California SB 343 - Governor Approved Truth in Labeling for Recyclable Materials Bill

Dec. 21 2021

On October 5, 2021 California State Governor Newsom signed SB 343 Truth in Labeling for Recyclable Materials bill. By January 1, 2024 the Department of Resources Recycling and Recovery, is required to provide information to the public to evaluate whether a product or packaging is recyclable in the state. 

This bill prohibits the use of the word “recyclable” on unrecyclable products. Specifically, the bill prohibits the use of the chasing-arrows symbol or other misleading statements that a material is recyclable, unless the product or packaging meets the criteria for statewide recyclability. CalRecycle will determine which materials are truly recyclable and will publish on its website a list of acceptable materials that may continue to have the chasing arrows symbol. 

Before 2017, the United States was sending 4,000 shipping containers full of waste to China each day, including two-thirds of California’s potentially recyclable materials. Exporting this material allowed cities and counties to keep it out of local landfills. This inaccurately inflated state recycling rates, as recyclers China and other countries picked out valuable material and dumped or burned the rest. Since 2018, China and other countries have refused to accept all but the most valuable material – collapsing the markets for plastic packaging that was previously considered recyclable.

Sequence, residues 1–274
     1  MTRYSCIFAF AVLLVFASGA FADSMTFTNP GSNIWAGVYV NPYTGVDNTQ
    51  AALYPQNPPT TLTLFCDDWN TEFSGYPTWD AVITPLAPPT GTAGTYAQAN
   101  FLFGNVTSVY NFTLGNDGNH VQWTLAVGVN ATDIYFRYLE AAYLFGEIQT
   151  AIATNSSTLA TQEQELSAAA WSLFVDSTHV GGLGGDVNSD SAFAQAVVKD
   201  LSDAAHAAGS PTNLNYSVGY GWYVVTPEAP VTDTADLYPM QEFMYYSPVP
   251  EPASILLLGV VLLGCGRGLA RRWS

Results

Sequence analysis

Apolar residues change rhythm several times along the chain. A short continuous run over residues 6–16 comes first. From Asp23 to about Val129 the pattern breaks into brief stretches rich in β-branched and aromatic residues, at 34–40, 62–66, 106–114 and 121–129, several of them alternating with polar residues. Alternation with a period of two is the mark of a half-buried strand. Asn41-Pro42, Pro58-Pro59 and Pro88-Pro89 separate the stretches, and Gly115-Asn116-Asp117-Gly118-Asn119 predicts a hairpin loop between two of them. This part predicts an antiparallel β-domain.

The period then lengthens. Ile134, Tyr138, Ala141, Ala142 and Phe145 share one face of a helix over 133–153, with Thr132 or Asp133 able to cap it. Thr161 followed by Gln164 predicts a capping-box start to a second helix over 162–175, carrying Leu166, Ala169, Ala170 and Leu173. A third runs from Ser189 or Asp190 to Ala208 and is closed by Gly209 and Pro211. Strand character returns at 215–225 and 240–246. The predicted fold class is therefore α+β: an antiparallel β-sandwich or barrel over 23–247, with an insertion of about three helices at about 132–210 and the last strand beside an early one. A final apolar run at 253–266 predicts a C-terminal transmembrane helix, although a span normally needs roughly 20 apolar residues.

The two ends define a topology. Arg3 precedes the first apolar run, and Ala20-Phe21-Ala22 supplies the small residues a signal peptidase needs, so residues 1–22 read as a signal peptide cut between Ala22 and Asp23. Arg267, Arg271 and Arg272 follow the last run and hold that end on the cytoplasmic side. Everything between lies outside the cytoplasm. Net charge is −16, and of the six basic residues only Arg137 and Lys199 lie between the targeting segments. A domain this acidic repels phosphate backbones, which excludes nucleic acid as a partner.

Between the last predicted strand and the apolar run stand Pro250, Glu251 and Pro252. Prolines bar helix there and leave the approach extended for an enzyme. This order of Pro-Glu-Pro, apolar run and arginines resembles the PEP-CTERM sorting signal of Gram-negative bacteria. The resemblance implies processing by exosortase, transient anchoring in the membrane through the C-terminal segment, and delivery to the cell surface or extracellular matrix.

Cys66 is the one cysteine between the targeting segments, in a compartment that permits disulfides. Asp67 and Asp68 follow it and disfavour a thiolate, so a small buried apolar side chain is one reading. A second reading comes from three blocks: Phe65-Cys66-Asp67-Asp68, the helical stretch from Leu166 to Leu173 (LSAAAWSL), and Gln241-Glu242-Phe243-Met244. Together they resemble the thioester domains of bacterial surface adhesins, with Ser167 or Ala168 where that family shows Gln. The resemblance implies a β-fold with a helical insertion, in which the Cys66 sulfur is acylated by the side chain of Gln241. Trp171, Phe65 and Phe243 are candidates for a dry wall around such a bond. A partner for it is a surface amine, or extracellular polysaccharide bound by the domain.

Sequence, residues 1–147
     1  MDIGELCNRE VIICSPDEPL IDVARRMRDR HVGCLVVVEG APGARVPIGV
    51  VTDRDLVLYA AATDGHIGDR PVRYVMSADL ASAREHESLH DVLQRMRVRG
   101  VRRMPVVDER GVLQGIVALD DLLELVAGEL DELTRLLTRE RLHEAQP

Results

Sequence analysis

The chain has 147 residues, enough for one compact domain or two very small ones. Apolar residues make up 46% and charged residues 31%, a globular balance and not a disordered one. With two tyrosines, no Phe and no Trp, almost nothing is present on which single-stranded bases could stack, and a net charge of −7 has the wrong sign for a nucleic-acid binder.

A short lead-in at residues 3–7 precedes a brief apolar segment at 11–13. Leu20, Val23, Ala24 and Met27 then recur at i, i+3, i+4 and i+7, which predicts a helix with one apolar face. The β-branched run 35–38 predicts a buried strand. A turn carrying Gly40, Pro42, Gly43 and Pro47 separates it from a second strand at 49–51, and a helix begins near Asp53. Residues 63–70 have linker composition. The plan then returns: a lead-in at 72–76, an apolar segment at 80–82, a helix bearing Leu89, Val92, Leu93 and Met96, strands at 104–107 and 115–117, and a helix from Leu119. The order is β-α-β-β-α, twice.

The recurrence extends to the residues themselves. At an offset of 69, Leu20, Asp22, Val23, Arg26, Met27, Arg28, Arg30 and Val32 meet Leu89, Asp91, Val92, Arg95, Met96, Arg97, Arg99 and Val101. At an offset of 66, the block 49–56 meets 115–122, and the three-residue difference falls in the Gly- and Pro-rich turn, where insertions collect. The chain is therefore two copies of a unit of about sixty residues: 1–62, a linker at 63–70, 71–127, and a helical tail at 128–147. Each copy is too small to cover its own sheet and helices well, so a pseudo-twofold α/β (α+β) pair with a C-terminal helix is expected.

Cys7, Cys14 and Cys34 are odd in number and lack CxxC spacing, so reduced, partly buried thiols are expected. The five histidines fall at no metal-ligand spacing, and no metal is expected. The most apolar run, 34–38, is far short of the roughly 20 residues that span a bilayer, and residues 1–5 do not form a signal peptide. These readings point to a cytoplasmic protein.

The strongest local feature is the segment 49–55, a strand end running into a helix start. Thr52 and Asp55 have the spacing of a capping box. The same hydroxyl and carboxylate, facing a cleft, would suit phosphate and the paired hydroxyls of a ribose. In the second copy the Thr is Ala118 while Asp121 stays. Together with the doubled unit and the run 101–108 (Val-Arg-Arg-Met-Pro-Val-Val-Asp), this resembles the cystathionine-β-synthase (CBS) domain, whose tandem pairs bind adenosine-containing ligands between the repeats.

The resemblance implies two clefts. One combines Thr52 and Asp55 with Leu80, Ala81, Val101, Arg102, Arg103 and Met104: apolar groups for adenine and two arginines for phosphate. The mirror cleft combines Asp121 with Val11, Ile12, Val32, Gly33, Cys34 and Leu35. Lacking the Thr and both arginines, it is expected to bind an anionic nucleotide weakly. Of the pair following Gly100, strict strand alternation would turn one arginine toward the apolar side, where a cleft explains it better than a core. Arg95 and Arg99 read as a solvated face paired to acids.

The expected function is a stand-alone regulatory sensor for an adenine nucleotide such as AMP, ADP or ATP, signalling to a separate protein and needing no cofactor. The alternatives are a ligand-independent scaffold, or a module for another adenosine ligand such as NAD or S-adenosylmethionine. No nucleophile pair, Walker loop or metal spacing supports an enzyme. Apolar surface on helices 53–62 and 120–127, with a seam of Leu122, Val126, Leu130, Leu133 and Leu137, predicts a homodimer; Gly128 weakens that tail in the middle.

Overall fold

This change has severely strained local waste collection systems. Without a willing buyer for most of the plastic material being produced, the costs associated with sorting and landfilling the waste falls to local jurisdictions and their ratepayers. Recent waste management rate increases in Sacramento and elsewhere have been attributed, at least in part, to this problem. A 2018 study by CalRecycle found that plastic bags, films, and wraps – despite being only 12% of the waste stream – were “the largest type of contamination in curbside recycling bins.” This flexible plastic material with limited market value interferes with recycling facility machinery and, as a contaminant, lowers the value of recyclable paper and cardboard. 

The strain on local recycling and waste systems is compounded as most consumers lack a clear understanding on what is acceptable. Further confusing consumers is the plastic resin identification coding (RIC) system, which classifies plastic types by numbers one through seven displayed within the chasing-arrows symbol. The RIC system was designed as a method for waste facilities to properly sort plastics. Most consumers simply see the chasing arrows and assume a product can be recycled. 

The Statewide Commission on Recycling Markets and Curbside Recycling recently reported, “Since consumers equate the ‘recycle’ word and symbol with what is accepted in curbside recycling bins, the ‘recycle’ word and symbol must be reserved for materials which are accepted in curbside bins and do not cause contamination.” 

Link to the bill: 

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